Season opening at the Noyac Golf Club is always something for members to applaud, but this year is extra special because the Sag Harbor club will be celebrating its 50th anniversary.
And the Sag Harbor club does indeed have a special history to toast. In 1963, when the other Hamptons private clubs were saying no to Jewish, African-American and other minority golfers, Noyac was saying yes.
“Our roots were as a reaction to other clubs not being as inclusionary as they should be—that’s something we’re proud of,” said Club President Steve Maietta, adding that “the other clubs, since then, have become more inclusive.”
To get into Noyac, Maietta said, you are judged on “whether you are passionate
Maietta also pointed out that Noyac is unique because it’s the only East End course that is tree-lined. Other local courses are links-style. “The club was built in a wooded area, and the designers didn’t try to make it look like anything that it wasn’t. So it’s a parkland course, which presents a different set of challenges to players. It tends to be tighter, not exposed to the wind so much.” Because of all the trees, he said, “It is especially beautiful in spring and fall.”
Founders of the 144-acre, 18-hole, par 72 course included Harry Diner, a dentist who had a vacation house in Noyac and played golf at three courses as a guest of his friend Dewey Frankenbach. When his friend got sick and couldn’t play anymore, Diner, who was Jewish, was turned down by all three of the clubs he had enjoyed. Diner wouldn’t let the rejections come between him and his game. He set about buying property by Peconic Bay, pulled together friends and investors, and on August 30, 1963 the Noyac Land Corporation was formed.
Diner was lucky enough to have had a supportive wife, Miriam, and the perfect brother-in-law—one who was good friends with golf course architect William Mitchell. When Diner contacted Mitchell, the two men met at the property just off Noyac Road. Mitchell, dazzled by the woodsy site, was so convinced that the slightly hilly land would make a terrific golf course that he offered to work for free until the project got going. Thus was born the course that ultimately comprised 6,925 yards, the member-owned, member-run, nonprofit and non-discriminating golf club that Diner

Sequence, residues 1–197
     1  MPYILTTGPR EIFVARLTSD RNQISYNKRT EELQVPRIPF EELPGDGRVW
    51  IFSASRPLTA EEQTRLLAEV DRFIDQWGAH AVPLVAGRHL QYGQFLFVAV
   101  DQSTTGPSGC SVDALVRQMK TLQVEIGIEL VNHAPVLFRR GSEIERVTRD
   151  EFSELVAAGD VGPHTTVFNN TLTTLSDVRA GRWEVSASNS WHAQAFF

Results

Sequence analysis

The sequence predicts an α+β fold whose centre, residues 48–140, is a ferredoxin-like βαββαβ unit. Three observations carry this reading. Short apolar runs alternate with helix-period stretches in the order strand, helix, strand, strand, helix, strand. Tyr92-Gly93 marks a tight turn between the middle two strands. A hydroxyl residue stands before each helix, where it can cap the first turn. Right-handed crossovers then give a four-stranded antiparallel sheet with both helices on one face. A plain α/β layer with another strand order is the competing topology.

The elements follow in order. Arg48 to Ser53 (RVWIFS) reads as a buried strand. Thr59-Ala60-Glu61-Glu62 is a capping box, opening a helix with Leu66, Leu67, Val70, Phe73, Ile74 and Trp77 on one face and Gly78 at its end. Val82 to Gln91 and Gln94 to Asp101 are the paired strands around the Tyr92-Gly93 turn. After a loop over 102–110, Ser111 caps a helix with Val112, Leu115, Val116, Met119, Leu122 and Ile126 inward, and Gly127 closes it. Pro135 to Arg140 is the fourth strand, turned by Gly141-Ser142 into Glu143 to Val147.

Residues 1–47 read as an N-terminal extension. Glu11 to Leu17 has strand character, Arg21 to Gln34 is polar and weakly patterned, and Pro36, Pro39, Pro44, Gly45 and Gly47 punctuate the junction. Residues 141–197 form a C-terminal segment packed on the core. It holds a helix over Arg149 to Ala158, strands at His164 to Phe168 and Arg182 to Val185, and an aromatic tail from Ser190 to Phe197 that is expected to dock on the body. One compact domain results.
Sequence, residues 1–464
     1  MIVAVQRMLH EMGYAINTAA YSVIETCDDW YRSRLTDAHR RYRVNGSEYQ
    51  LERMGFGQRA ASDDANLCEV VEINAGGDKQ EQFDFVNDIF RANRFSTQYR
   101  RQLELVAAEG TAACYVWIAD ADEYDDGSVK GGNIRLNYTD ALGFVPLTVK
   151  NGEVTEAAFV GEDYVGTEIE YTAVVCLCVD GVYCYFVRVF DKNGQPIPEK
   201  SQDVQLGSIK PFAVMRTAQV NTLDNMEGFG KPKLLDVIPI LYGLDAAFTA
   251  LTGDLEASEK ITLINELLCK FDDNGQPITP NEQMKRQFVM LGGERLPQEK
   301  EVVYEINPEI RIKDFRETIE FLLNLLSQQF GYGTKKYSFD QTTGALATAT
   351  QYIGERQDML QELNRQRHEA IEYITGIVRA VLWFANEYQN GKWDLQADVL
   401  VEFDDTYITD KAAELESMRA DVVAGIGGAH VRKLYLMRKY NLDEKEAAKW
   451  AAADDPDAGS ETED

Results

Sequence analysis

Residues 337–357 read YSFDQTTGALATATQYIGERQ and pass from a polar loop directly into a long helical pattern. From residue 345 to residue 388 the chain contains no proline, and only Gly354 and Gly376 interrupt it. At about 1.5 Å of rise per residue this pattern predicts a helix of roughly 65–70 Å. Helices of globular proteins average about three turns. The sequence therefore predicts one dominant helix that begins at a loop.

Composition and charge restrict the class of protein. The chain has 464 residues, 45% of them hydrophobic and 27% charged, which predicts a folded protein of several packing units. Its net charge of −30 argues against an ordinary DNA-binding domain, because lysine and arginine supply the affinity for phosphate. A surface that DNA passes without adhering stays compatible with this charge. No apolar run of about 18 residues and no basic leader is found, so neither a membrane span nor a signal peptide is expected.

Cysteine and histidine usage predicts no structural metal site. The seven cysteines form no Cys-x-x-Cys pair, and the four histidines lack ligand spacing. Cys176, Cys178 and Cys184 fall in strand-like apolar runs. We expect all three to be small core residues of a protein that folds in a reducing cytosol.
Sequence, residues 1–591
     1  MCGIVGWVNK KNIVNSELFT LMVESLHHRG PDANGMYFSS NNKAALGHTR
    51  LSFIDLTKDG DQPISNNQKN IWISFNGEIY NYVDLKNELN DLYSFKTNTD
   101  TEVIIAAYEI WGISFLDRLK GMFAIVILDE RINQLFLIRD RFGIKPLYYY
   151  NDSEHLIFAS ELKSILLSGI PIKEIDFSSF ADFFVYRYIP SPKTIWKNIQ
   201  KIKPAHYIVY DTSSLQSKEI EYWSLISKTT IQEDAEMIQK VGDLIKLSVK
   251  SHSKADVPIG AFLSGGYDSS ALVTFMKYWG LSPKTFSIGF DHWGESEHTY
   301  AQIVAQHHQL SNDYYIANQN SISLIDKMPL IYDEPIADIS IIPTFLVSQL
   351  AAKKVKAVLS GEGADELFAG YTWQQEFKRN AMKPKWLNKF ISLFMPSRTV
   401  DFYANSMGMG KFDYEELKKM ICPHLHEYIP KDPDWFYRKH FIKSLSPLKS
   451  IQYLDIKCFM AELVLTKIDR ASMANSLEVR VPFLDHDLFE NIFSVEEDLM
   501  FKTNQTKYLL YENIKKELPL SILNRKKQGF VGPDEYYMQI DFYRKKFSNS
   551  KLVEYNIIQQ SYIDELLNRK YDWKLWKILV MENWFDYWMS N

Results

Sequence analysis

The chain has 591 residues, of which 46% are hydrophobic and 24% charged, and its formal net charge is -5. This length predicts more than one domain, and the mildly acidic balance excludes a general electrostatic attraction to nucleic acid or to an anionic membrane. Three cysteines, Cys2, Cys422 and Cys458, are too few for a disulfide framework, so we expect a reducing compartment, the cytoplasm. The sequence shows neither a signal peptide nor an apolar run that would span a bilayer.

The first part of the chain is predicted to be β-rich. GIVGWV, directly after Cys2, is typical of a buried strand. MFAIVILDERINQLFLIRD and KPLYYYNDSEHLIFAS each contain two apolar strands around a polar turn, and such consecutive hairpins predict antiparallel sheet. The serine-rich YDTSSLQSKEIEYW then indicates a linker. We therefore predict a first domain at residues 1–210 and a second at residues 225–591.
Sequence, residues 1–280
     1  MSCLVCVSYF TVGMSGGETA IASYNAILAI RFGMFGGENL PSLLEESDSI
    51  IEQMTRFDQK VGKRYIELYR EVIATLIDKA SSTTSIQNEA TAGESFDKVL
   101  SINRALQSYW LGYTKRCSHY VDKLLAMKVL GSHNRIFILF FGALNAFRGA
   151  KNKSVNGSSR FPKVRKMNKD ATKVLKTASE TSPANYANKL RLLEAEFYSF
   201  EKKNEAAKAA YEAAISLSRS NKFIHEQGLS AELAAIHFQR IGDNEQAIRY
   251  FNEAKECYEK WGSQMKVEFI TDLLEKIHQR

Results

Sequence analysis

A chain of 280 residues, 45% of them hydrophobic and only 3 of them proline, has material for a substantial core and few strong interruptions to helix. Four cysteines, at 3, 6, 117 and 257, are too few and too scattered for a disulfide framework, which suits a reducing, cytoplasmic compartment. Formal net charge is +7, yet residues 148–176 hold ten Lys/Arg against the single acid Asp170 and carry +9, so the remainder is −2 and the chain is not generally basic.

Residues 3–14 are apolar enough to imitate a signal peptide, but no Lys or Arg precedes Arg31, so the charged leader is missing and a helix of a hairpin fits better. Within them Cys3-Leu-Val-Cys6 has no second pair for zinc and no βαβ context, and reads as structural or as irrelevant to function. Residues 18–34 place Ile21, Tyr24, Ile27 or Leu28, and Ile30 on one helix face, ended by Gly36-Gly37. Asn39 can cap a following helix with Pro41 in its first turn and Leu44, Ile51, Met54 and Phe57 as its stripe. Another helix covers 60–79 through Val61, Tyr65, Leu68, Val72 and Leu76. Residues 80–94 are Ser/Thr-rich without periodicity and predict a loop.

As a private club, membership is not cheap these days. But in the beginning, it didn’t take a whole lot of anything, including money, to get into Noyac. In fact, some early members recall responding to an ad in Dan’s Papers, which offered a free round of golf. When they finished the course, the pro at the time would ask, “Would you like to join?”
Members are quick to tell you they still don’t want to be seen as a chichi country club, but rather one with a relaxed friendliness. Membership has expanded over the half-century to 285 regulars and 115 family members, and includes a few celebrities. Young people get their chance to pick up golf skills at Noyac by caddying, and to hone their skills like such as the Pierson High School golf team, one of the best squads on Long Island.
Maietta said that Noyac remains unpretentious and welcoming, eliminating much of the stress that goes with membership in some other clubs. “This is the sort of place where you can just show up and get a game. At other clubs, you have to get a foursome ahead of time. You meet a lot of people this way.”
One of the people you might meet is an original member from the club’s first days, George Boziwick, still going strong, playing on the course that Diner called “my baby.”
The club has planned several golf and festive social events, culminating in a 50th anniversary gala in the clubhouse. For more information visit Noyacgolfclub.com.